Hardin, Mont., Eyes Guantanamo Detainees Officials in Hardin, Mont., want the Two Rivers Regional Detention Facility, their brand-new, but empty jail, to be the new home for terrorism suspects from the U.S. detention center in Guantanamo Bay, Cuba. Greg Smith, executive director of Two Rivers Authority, says the transfer could create jobs in the community.
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Hardin, Mont., Eyes Guantanamo Detainees

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Hardin, Mont., Eyes Guantanamo Detainees

Hardin, Mont., Eyes Guantanamo Detainees

Hardin, Mont., Eyes Guantanamo Detainees

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Officials in Hardin, Mont., want the Two Rivers Regional Detention Facility, their brand-new, but empty jail, to be the new home for terrorism suspects from the U.S. detention center in Guantanamo Bay, Cuba. Greg Smith, executive director of Two Rivers Authority, says the transfer could create jobs in the community.

MICHELE NORRIS, host:

The City of Hardin, Montana, has a financial problem. It's in the form of a 464-bed detention facility that's been finished for almost two years but still has no prisoners, and that means no jobs, just one big, empty building. So Hardin city executives have embraced a controversial solution to the problem. They want their Two Rivers Detention Facility to house the inmates now at Guantanamo Bay.

Greg Smith is executive director of the Two Rivers Authority, the city of Hardin's economic development arm. When the idea was first suggested to him, he admits he was more than a little resistant.

Mr. GREG SMITH (Executive Director, Two Rivers Authority): I thought they were nuts, but I listened. And, you know, at one point, I went, why are you being so negative to this? We're trying to unturn every rock to open this facility that's been closed for just about two years, and it's never been opened. Why not?

NORRIS: What would this conversion mean if the Two Rivers Detention Facility were used to house the detainees now at Guantanamo? What would that mean there to the people of Hardin? How many jobs would it create?

Mr. SMITH: If it were a detention center, as it's built, it would be designated for about 105. Being that it would for the federal government, the nature of housing enemy combatants, terrorists, whatever, you know, whatever the label you put on them, probably would be significantly more. And, of course, it would also be at a higher wage scale.

NORRIS: Are you worried at all that Hardin might come to stand for something that is not necessarily in accordance with the image that you want to project if you're trying to bring people to visit Hardin, to, say, to visit the Custer Battlefield, which is just down the road, that this - that Hardin might come to stand for something else, something larger, something in people's minds that is seen as something negative?

Mr. SMITH: Well, if you talk to the locals that have been there a long time, and those of us have businesses, we already believe Hardin already has the stigma. If you go look at our downtown, there's many closed businesses, almost everyone is for sale. I mean, you can go down and you'll see, you know, drunks laying in the streets. I mean, it's not a pretty sight already. And we have to be, you know, we have to be honest by that.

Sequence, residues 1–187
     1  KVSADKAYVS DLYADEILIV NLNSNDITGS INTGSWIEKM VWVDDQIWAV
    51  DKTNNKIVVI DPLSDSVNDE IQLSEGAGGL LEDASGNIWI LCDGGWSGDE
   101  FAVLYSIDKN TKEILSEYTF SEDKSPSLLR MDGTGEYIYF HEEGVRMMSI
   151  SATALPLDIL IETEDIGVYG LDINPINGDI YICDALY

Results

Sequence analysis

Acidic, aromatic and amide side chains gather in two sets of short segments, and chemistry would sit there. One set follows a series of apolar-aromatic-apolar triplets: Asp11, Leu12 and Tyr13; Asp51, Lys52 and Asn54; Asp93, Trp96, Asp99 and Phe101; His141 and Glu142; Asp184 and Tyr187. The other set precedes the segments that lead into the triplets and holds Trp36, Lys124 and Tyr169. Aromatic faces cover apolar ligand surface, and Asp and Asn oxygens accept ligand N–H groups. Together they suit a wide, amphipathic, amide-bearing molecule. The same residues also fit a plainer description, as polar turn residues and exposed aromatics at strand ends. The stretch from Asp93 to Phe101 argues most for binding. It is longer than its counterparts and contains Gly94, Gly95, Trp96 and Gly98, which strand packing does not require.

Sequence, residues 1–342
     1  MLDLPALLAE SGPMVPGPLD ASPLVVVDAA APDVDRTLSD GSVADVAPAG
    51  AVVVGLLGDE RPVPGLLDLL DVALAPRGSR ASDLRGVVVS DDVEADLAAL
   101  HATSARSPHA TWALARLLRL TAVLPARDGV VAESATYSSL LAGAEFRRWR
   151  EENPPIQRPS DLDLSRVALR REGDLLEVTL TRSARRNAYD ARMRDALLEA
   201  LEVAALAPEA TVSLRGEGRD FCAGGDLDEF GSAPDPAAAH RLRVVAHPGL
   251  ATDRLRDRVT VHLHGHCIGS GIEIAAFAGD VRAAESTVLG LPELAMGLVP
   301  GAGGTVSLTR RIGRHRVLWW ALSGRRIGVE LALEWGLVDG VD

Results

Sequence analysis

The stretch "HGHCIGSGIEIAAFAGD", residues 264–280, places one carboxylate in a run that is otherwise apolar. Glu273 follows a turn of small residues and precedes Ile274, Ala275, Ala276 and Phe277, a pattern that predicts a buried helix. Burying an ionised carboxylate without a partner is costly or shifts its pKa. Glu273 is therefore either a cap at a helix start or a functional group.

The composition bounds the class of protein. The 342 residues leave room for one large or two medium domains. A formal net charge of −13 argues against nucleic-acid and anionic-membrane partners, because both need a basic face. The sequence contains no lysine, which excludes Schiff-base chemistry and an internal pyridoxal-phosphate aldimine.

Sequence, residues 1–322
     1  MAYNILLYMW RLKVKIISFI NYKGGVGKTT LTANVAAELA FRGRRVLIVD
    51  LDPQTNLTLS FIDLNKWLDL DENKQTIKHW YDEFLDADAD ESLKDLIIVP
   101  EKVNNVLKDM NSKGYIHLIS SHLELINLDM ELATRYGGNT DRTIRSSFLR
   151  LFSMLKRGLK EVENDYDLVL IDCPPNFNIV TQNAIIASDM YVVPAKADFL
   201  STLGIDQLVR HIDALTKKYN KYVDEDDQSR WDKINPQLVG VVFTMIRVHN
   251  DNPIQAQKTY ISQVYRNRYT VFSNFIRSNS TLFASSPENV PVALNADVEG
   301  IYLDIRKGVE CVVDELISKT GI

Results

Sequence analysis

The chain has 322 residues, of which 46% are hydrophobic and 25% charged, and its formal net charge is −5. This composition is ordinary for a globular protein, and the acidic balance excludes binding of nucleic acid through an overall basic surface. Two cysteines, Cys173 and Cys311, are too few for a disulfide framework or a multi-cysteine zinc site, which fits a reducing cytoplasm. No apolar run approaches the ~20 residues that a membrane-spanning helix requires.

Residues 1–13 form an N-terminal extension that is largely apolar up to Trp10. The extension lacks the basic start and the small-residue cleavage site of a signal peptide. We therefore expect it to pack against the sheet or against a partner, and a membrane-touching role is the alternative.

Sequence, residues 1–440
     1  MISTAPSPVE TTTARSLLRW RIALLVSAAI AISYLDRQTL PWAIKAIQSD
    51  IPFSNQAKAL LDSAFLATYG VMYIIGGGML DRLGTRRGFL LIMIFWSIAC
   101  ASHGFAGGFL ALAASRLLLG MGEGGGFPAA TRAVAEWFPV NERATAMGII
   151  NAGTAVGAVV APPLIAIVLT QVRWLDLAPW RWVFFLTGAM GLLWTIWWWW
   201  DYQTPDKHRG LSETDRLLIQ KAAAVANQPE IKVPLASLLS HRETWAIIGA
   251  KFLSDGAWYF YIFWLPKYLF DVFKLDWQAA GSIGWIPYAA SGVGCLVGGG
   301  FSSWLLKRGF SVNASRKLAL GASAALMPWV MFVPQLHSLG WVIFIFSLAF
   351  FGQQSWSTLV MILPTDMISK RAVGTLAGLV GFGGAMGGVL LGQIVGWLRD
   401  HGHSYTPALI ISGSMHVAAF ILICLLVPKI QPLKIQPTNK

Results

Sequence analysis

So we're really worried about the stigma. I think if you got to people that we're more worried, they may be worried about their safety in the short term of how it's going to be with, you know, say, relatives or friends of the enemy combatants might come in and want to do them harm. I think they'd be more worried about that.

NORRIS: So, who do you ultimately have to sell on this idea? To whom do you have to make your case?

Mr. SMITH: I would say it's the White House and the Justice Department ultimately will make it. Because as President Obama went around, this was no secret that he was going to wanted to close Guantanamo Bay. He had a lot of citizen's groups and citizens that wanted this. They believed that a lot of people were held basically for no reason, that they were enemy combatants. If they were going to be processed, they should be under the due process of our laws given the rights of citizens.

Well, they forgot one part: is that if you're going to do that, they're going to have to live somewhere in your communities while we do this. And I haven't seen one senator or representative of Congress that has stood up and said, I'll put it in my backyard. But a whole bunch of them were for it, and that troubles me some.

NORRIS: Now, the two senators who represent the state of Montana have not warmed up to this idea.

Mr. SMITH: Not in the least bit. What we really just ask is that somebody come out from the federal government that's going to make this decision, take a look at what we have to offer and consider us. If it's right for the country, let's do it. If it's not right, let's not.

NORRIS: Mr. Smith, thank you very much for your time. It's been good to talk to you.

Mr. SMITH: Thank you very much.

NORRIS: Greg Smith is the executive director of the Two Rivers Authority, that's the economic development arm for the city of Hardin, Montana.

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